Is there an ombudsman for caravan parks?

Is there an ombudsman for caravan parks?

In the case of holiday parks, there is no ombudsman to which you can take your problem for independent assessment.

Can I live in a static caravan on my own land?

Can I Live In a Static Caravan on Private Land? It is within the law to site a caravan within the ‘curtilage of your home,’ i.e., in your garden or on your drive, without having to acquire planning permission. However, the static caravan or mobile home must accompany the house for ancillary uses only.

How do I complain about a Haven holiday?

If your holiday is over and you’re still unhappy, please, within 14 working days of your departure date, either click here and fill in the form as instructed or, if you prefer to write to us, send a letter to: Guest Relations, Haven, 1 Park Lane, Hemel Hempstead, Hertfordshire, HP2 4YL.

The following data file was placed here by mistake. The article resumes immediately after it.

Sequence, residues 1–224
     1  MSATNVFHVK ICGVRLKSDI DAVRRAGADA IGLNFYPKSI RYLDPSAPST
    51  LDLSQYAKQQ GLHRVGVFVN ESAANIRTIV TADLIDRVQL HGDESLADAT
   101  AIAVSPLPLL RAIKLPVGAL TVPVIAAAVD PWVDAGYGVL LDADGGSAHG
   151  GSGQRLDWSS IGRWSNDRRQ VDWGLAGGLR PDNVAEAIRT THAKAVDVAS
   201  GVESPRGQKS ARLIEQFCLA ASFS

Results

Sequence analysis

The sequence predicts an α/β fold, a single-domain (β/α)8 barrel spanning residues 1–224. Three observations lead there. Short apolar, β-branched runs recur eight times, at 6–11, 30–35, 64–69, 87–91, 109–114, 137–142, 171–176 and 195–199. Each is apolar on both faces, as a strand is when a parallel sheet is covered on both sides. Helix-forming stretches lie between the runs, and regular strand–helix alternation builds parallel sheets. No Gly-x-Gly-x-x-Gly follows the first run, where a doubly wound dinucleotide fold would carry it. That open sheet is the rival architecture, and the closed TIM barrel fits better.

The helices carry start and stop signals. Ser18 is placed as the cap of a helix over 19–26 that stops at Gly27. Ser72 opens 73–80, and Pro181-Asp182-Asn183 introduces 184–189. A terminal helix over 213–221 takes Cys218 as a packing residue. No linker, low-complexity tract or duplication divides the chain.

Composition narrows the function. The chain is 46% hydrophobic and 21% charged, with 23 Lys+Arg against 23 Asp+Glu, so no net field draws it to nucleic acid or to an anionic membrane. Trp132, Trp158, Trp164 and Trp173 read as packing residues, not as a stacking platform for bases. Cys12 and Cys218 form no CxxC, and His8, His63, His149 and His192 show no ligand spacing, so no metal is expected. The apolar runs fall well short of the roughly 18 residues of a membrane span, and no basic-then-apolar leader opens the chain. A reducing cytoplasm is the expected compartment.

Who regulates caravan parks?

The two main industry bodies are the National Caravan Council (NCC) and British Holiday & Home Parks Association (BH&HPA). The NCC is the only one which currently has a regulatory scheme in place for holiday park owners, so look to see if your caravan park is a member.

How do I get rid of damp in my caravan?

Use a scrubbing brush and apply some pressure to the affected areas. Let it dry completely, then fill a spray bottle with a tablespoon of clove oil and a litre of water and spray this over the surface. If the mould is quite substantial, you may need to call a professional in to remove it altogether.

What is the lifespan of a touring caravan?

A touring caravan is inevitably shorter lived than other more permanent dwellings but one can expect it to last at least 10 years, if it’s well cared for and regularly checked. Check the body annually, to ensure that it remains water- proof.

Can I live on my land without planning permission?

No. “It is not an offence to carry out development without first obtaining any planning permission required for it” ( PPG18 Para 6). It will normally* only become illegal for you to be living on the land when an enforcement notice against you comes into effect.